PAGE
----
Interview with Aaron Coleman
1. What does a typical work week look like for you? How do you balance making your own art with other obligations in your life?
I teach two class twice a week. So thats a total of 12 hours in class. I have undergraduate thesis students, graduate studio visits, independent studies, committee meetings and department meetings. I rarely get my own work done on work days and my “off” days get filled up very quickly with other obligations to the school and students. It is so unbelievably difficult to find time for myself…let alone use that time to make work rather than relax. But…somehow I still manage to make quite a bit of work. I take full advantage of any opportunity to be in my studio. Even if I only have an hour I try to do something productive. I’ve also learned to be a morning person. No one likes waking up early…which usually means I’m the only one awake…so I don’t have emails coming in and meetings to go to or classes to teach. I feel like I’m tricking everyone somehow. So I get up at 5am every day a do something.
2. What is your research process like at the beginning of a new project or series?
My work tends to be reactionary. Something happens in the world and I respond. But I’m finding more and more that I’m interested in the history of how things came to be. So while i’m responding to sociopolitical current events, I’m also digging into the history that has allowed for certain situations or systems to manifest. If were talking about process I usually start with a group of disparate images and drawings which all represent a person, place, event or time period. Those drawings and images get collaged together in an effort to change their original contexts. That collage usually becomes a drawing which then becomes a print.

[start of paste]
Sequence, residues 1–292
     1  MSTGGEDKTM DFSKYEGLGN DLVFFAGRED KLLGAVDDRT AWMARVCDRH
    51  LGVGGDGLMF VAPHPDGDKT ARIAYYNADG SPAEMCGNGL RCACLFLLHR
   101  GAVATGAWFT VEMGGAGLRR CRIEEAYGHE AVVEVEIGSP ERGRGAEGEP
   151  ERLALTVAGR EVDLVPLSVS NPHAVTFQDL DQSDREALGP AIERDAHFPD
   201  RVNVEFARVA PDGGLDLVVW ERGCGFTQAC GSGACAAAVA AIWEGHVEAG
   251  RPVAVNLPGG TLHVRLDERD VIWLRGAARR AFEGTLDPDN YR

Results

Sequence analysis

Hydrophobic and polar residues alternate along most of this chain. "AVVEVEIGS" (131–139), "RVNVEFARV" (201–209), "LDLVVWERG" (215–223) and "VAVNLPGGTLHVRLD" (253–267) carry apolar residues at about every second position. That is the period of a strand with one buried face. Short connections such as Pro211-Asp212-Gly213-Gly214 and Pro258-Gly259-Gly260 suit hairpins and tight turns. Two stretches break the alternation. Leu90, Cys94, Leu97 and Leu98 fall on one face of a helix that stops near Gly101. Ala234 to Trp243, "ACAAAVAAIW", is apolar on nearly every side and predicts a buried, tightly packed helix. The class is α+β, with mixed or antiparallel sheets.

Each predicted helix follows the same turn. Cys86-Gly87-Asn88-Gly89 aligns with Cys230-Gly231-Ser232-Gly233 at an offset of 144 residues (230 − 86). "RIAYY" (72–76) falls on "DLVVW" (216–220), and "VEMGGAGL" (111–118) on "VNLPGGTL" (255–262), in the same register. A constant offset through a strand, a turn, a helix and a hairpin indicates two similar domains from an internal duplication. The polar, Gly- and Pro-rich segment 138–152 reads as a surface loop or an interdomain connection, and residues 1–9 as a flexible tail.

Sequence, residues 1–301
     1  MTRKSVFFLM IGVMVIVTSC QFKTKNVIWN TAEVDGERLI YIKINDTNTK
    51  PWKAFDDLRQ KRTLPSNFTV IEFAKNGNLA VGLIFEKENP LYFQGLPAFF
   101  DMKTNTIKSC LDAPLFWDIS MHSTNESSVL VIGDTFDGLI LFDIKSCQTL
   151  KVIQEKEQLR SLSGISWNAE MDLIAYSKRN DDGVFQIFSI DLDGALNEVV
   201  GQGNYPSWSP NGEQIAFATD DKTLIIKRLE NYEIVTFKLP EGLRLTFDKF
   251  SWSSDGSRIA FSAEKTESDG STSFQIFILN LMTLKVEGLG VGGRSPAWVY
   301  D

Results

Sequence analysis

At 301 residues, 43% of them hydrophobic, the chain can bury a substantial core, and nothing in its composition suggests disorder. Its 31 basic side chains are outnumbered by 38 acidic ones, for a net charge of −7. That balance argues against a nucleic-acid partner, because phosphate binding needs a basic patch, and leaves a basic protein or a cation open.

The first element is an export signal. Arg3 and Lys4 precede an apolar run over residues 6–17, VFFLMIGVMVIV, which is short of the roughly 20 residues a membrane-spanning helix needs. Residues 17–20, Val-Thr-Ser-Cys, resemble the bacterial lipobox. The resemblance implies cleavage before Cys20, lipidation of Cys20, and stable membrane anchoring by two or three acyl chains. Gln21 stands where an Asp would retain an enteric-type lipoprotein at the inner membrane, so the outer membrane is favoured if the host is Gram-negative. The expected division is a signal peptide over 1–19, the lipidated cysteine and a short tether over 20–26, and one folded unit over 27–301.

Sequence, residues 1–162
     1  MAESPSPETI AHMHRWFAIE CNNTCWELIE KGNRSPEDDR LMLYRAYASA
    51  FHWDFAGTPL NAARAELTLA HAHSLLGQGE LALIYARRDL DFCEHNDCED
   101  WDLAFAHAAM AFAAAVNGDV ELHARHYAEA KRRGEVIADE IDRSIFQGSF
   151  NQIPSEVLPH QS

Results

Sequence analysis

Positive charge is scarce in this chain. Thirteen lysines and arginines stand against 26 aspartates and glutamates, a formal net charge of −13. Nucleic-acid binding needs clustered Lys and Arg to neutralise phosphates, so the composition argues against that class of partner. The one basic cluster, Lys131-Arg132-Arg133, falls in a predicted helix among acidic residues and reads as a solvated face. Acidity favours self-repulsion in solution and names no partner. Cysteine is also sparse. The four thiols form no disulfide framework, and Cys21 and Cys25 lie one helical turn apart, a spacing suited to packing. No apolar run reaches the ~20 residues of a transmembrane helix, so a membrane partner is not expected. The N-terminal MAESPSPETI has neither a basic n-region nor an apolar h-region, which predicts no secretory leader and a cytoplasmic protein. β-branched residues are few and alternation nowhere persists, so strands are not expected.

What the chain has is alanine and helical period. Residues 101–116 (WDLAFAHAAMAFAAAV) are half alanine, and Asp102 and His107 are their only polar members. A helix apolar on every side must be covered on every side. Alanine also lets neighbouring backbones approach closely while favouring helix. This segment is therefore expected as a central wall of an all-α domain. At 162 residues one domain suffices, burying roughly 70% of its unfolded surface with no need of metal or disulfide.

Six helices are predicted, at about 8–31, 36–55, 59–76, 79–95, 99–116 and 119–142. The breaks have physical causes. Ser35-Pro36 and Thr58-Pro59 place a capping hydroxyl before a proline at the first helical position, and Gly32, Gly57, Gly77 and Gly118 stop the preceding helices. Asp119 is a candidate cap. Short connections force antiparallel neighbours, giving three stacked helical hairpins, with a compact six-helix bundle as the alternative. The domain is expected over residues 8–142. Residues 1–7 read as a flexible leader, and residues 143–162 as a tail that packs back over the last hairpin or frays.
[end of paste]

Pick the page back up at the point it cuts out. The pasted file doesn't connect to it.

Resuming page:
3. Could you share a particular moment when you decided to pursue mezzotint more specifically over other sorts of printmaking media?
Well…I didn’t really. Mezzotint was a passion for a few years…But it definitely makes up the smallest percentage of the work I make. It's slow and physically demanding and I have way to many Ideas to only work in mezzotint. I started working in mezzotint because if I did it correctly there was no evidence of how the image came to be. No drawn line…no etched hatch marks, no digital traces…Its such a mysterious looking medium. Its also a reductive process where you are literally pulling the light out of the dark. I work with stained glass imagery which just happens to depend on light and so mezzotint works well in that regard. But I never wanted to be the “mezzotint guy”. So i make screen prints and etchings and lithographs and paintings and collages and sculpture and blah blah blah….etc. I never wanted to be a specialist and I don’t want to ever be pigeon holed as the “whatever guy”. So now I choose the medium that allows me to bring forward the most honest version off my voice and what I want to say.